Pitch Perfect


Movie review by Greg Carlson

A painfully unfunny movie that sticks to formula like Enfamil, “Pitch Perfect” has all the authenticity and verisimilitude of the Fiji mermaid. The sharp-eyed Anna Kendrick, taking a big step down from the quality of her recent roles, trades supporting status for a headlining turn, but her character displays no distinguishing features or personality traits. Kendrick’s Beca, a faux-rebellious wannabe music producer who reluctantly enrolls at the college where her father works, joins a competitive all-female a cappella group that can only exist in the cotton candy imagination of Hollywood. The members of the Bellas take a vow not to date any members of the all-male rival Treble Makers, but Beca falls for the handsome Jesse (Skylar Astin) faster than you can say “Romeo and Juliet.”

Building the structure of its narrative on the template popularized in low-stakes competition laffers like “Bring It On” and “Dodgeball,” “Pitch Perfect” even apes the former’s affinity for manufactured slang and the latter’s convention in which a pair of dysfunctional commentators banters through the performances, nattering away as if in some other, funnier film while carpet bombing their scenes with double entendre. John Michael Higgins, whose singing and arranging experience mark him as an obvious choice, and producer Elizabeth Banks, do the honors in the broadcast booth. Other than Kendrick, only Rebel Wilson escapes anonymity among the Bellas. Wilson continues her run as an indispensable generator of empathy in a society seemingly hell-bent on the ridicule of the overweight. As Fat Amy, Wilson walks off with every scene in which she appears.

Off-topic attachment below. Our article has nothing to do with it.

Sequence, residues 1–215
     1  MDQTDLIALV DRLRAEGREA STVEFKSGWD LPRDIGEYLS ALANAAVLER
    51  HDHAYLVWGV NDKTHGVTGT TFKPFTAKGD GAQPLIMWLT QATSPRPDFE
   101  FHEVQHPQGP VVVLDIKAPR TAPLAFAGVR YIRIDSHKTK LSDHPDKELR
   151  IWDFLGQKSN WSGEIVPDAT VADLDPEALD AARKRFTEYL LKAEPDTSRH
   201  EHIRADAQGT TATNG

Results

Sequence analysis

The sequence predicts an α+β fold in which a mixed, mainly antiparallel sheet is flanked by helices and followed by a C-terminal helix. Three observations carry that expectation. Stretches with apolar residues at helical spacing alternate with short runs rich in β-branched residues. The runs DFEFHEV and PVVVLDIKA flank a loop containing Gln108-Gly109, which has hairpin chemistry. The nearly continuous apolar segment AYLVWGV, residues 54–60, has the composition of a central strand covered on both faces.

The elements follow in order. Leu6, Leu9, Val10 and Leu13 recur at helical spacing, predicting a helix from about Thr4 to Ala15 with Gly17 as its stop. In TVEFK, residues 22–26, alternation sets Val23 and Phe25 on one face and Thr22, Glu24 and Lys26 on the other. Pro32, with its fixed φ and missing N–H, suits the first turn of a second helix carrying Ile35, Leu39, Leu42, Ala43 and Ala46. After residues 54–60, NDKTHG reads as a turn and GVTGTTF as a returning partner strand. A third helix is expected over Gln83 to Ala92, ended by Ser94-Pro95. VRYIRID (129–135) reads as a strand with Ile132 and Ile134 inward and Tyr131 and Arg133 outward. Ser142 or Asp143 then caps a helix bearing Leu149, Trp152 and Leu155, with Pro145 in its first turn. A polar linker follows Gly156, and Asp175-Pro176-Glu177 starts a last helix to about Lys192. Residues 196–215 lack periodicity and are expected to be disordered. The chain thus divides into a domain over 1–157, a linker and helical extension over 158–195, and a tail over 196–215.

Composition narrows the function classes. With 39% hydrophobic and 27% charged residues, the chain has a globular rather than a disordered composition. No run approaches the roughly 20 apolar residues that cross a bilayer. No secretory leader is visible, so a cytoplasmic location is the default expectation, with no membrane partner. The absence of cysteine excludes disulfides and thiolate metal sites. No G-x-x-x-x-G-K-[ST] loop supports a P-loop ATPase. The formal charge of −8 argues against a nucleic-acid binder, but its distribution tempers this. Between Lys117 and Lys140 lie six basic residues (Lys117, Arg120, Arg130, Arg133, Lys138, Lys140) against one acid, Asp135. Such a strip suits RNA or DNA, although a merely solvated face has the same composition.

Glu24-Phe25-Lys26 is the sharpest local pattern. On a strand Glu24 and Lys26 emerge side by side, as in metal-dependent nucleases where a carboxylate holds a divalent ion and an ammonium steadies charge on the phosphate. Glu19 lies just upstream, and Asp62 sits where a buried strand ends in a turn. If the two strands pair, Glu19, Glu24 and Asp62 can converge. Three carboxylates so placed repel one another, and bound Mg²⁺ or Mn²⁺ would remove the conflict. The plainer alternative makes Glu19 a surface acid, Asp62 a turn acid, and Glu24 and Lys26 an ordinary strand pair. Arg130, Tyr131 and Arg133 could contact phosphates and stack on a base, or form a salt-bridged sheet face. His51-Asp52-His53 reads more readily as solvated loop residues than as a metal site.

Like “Glee,” “Pitch Perfect” depends on the razzle dazzle of its pop song choices, and only a handful of the tracks selected for vocal arrangement have cross-generational appeal. The movie crushes hard on John Hughes, returning several times to a motif revolving around “The Breakfast Club,” but director Jason Moore doesn’t hold a candle, let alone sixteen of them, to the legendary 80s auteur of angst. To win back the heart of her boy, Beca belts “Don’t You (Forget About Me),” but the thrill is blunted by an earlier scene in which the heroine weeps while watching Judd Nelson freeze mid-step with his fist raised in triumph. It’s never a good idea to include a clip reminding viewers of a much better film.

Given the bland, uninspired tone of “Pitch Perfect,” it is only a small surprise when Moore includes a scene in which Bella leader Aubrey (Anna Camp) empties the contents of her stomach all over the floor of the choir’s rehearsal space – a reprise of the embarrassing onset of nervousness that cost the singers a trophy during their last competition. The gushing fountain of vomit splatters and sprays everywhere, and Moore cannot resist adding additional gross-out gags, including a high-angle view of one of the Bellas slipping and falling in the foul, lumpy spew. The amateurish puking effects even fall short of the tube-in-the-sleeve technique beloved of “Saturday Night Live,” but the rancid disgorgement only serves to remind viewers that successful gross-out humor ala “Bridesmaids” is not easy to replicate.

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